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UPDATE: Parks Bureau Deputy Rescues Three in Pyramid Lake Boating Incident

Posted: March 31, 2014 10:40 a.m.
Updated: March 31, 2014 5:14 p.m.
Marine Patrol Deputy Charles Weathers sits in a patrol boat at the Pyramid Sheriff’s Dock on Monday. Marine Patrol Deputy Charles Weathers sits in a patrol boat at the Pyramid Sheriff’s Dock on Monday.
Marine Patrol Deputy Charles Weathers sits in a patrol boat at the Pyramid Sheriff’s Dock on Monday.

Bright sunshine and sparkling waters were an enticing draw Sunday on Pyramid Lake, but combined with gusty winds and inexperience, they proved nearly fatal for three boaters.

Marine Patrol Deputy Charles Weathers was on lake patrol on Sunday when he spotted a safety violation: two adults and a youngster in a kayak, with only two life jackets among them and too much fishing gear on board to be safe.

And while both life jackets were adult sized, the 5-year-old was not. The life jacket he wore showed only the top of his head.

Within a moment, the safety violation became an emergency: a 25- to 30-mph wind gust flipped the kayak over, and the three were in Pyramid’s 50-degree water.

“The high wind gusts immediately blew the kayak away, and the boaters began to panic,” said Deputy Johnie Jones of the L.A. County Sheriff’s Department’s Parks Bureau. “The child’s upper body slipped out of his life jacket and was only connected at his waist, causing his head to slip under the water.”

“This water is so cold that it takes your breath away,” said Weathers. “You can be the strongest swimmer, but when you’re thrown into freezing water your first inclination is to take a big gulp of air.

“At that point, all the skill you have as a swimmer turns into panic.”

As he motored over to help, Weathers said, he could see the child’s dad trying to keep his son’s head above water. The boy was splashing around, his oversized life jacket floating over his head.

“But the dad was doing the same splashing around,” Weathers said. “He made his way over to the boy but instead of lifting him up, he was pulling him under.”

“He was having a hard time keeping himself above water,” Weathers said.

The marine deputy reached the child first, pulling him into the boat, and then did the same with each adult.

“I told the dad to strip (his son) out of his wet clothes. We put him in a blanket and placed him in a part of my boat out of the wind,” Weathers said.

Weathers took the trio to the dock, where deputies Dave Gomez and Tim Cherry provided prompt medical attention.

The child, who was shivering uncontrollably and whose lips were turning blue, was treated for hypothermia.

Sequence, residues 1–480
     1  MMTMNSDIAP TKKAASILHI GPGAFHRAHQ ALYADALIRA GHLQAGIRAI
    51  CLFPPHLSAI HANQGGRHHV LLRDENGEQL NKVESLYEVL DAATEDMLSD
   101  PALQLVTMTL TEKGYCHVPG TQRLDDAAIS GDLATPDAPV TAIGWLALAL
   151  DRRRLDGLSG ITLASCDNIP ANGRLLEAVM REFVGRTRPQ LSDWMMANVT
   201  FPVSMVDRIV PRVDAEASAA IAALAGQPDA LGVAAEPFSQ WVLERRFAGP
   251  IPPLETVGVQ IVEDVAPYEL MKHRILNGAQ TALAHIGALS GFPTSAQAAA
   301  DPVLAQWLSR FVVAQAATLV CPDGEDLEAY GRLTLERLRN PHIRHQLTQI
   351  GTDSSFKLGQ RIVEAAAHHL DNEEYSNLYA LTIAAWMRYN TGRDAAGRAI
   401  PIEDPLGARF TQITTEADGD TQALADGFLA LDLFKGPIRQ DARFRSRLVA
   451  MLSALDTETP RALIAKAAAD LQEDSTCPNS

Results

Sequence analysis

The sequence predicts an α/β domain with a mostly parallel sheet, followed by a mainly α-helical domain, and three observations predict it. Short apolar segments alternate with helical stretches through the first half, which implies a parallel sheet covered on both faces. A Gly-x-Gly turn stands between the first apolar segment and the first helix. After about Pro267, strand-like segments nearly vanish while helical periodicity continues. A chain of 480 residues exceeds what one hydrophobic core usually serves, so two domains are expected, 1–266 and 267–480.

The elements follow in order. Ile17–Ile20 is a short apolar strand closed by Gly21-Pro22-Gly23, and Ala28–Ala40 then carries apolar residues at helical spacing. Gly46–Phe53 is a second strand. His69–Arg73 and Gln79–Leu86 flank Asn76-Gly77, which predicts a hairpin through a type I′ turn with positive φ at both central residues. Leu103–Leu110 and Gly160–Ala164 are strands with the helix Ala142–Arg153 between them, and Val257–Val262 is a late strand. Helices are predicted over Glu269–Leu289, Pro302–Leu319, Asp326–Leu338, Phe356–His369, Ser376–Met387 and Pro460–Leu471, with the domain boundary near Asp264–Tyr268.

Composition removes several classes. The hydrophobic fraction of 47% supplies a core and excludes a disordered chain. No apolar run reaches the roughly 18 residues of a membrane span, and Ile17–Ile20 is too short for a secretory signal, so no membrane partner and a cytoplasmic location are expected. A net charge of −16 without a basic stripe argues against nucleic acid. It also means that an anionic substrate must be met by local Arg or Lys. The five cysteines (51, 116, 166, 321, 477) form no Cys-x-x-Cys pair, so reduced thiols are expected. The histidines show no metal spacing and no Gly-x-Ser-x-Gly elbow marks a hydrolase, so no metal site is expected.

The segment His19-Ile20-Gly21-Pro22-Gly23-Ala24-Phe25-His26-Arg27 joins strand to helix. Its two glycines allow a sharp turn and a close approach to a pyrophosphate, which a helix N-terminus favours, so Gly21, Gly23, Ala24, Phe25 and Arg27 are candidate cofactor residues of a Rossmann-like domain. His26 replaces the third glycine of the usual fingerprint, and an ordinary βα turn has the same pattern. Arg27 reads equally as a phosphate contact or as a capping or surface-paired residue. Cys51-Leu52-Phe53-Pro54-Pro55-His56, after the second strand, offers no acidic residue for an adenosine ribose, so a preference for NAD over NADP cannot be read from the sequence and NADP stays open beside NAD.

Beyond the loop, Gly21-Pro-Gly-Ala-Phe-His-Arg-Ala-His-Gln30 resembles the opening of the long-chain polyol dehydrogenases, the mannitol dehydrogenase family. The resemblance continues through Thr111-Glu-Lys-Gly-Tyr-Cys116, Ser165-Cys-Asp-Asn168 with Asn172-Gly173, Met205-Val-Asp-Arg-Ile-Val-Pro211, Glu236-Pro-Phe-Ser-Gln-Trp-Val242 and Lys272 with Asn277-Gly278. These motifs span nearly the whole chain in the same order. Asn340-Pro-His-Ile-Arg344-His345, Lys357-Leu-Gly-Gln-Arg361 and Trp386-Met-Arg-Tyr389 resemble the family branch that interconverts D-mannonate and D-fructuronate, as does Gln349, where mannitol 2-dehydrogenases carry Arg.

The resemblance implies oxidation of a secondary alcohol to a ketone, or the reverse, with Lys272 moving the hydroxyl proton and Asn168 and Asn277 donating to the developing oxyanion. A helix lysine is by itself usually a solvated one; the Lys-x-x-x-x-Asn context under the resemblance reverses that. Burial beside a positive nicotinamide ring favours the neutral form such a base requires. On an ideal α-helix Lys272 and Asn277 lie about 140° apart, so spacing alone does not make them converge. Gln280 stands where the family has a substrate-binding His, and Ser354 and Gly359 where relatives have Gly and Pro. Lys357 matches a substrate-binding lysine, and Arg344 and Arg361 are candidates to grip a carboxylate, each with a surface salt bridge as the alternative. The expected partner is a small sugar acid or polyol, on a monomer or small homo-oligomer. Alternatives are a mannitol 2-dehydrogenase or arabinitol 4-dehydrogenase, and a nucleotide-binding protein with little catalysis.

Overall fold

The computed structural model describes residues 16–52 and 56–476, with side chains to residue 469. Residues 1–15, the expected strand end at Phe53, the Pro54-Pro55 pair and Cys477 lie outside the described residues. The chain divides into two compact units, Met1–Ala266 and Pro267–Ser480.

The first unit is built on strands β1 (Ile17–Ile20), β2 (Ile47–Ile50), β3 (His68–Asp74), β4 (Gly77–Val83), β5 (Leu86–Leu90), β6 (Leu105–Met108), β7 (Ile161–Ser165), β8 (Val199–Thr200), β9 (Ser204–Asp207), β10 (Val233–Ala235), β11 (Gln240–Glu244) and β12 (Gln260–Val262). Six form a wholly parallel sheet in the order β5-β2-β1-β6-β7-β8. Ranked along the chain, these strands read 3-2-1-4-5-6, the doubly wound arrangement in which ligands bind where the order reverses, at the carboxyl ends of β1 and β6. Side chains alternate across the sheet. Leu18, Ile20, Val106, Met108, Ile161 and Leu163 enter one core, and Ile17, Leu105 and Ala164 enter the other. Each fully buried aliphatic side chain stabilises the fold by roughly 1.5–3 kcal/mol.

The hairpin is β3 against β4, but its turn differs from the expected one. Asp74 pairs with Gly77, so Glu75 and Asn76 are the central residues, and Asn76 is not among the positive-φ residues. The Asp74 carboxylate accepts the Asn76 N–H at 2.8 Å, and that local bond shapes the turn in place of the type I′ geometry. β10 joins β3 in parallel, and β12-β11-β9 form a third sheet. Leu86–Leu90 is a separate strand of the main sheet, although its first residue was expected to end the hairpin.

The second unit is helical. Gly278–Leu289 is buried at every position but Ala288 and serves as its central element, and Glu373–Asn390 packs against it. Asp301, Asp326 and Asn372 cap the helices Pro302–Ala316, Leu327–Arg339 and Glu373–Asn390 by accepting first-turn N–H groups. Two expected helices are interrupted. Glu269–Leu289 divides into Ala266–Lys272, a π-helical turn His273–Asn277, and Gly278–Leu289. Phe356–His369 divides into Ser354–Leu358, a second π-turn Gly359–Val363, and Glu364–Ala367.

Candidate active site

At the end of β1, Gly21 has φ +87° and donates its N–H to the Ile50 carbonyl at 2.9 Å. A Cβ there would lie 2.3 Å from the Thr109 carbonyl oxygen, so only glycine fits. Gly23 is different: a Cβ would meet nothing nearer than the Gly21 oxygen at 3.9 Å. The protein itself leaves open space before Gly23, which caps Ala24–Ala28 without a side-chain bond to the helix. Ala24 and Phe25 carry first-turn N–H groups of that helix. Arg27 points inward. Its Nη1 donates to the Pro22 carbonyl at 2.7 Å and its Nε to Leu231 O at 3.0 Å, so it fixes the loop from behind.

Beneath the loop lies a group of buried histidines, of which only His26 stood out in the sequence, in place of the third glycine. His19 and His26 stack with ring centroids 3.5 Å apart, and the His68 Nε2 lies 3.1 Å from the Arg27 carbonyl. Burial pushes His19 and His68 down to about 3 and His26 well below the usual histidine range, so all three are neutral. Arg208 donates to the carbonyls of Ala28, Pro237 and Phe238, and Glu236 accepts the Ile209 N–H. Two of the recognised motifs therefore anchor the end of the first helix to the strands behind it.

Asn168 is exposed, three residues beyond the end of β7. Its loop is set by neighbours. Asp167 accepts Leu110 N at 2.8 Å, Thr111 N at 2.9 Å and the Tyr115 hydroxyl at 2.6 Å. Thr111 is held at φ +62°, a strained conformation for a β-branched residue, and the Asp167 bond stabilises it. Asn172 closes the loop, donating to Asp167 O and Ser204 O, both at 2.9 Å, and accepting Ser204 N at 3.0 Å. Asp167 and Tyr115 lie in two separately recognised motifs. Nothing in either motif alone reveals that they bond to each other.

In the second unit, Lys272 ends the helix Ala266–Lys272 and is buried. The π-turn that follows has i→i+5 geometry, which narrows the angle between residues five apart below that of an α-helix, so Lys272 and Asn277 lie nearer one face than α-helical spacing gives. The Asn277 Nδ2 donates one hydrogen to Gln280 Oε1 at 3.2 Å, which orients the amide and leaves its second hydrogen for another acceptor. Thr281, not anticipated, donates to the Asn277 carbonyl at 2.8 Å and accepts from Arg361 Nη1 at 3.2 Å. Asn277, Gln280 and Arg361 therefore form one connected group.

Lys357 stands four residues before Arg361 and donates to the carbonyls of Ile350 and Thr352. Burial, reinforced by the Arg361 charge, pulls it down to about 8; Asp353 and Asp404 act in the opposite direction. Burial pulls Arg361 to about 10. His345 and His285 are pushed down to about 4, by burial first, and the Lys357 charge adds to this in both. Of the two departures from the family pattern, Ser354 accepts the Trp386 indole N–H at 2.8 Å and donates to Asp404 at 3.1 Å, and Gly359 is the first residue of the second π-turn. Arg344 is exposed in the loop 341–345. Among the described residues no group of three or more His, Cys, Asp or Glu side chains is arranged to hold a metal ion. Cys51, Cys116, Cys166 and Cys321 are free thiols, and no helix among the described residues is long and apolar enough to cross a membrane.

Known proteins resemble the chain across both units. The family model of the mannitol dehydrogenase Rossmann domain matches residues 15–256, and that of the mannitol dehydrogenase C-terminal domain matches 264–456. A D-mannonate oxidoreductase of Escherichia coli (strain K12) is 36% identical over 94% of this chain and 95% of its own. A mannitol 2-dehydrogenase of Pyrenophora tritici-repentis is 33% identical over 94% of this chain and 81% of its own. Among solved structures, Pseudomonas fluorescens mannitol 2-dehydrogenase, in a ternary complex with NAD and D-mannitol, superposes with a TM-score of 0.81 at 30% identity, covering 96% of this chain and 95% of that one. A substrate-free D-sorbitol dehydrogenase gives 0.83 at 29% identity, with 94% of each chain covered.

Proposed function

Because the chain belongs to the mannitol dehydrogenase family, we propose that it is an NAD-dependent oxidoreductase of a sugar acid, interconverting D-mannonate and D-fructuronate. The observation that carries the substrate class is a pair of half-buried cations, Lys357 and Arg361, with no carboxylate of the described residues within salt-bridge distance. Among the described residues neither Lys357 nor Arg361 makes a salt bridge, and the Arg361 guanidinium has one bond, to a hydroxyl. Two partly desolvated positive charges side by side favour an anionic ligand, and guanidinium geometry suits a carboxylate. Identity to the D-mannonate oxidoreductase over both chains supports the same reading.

“The kayak was recovered and they were all transported to the Pyramid Sheriff’s Dock, where the deputies continued to treat the child for hypothermia,” Jones said.

“When the dad got his car, he put the heater on and the boy recovered quite well,” Weathers said.

“He told me, ‘Thank you. I thought I was going to drown,’” the deputy said of the boy.

A father of four himself, Weathers said seeing the boy in the cold water “reached out to my heart.”

Pyramid Lake Manager Tammy Rose said boating safety handouts are provided to lake visitors when they came through the gate. When winds are gusting on the lake, small craft are not allowed out.

But sometimes, she said, as was the case on Sunday, boaters go out on the lake before the winds kick up. “One minute it’ll be fine, and the next minute it’ll be blowing like crazy,” she said.

Life jackets can be tested by parents by having the child put on the vest and then lifting him or her from the shoulders, Rose said. If the child slips through the vest, it’s too big.

But that clearly wasn’t done for the 5-year-old, and in the case of Sunday’s accident, “the life vest actually pushed the child under the water,” she said.

The kayak the three were in was only designed to hold two passengers, and an excess of fishing gear was also on board, deputies and Rose said.

The child’s father was issued a citation for not having enough life jackets on board and for his son not having a properly fitting life jacket. He was released on his own recognizance.

Rose urged visitors to Pyramid Lake, and to any other local lake, to make sure they get instructions on boating safety and follow those directions. The worst offenders, she said, are those who have just acquired a watercraft and go onto the water without taking a class.

As for safety gear, most can be purchased at the lake. “We even have life jackets for dogs — all sizes,” she said.
on Twitter @jamesarthurholt




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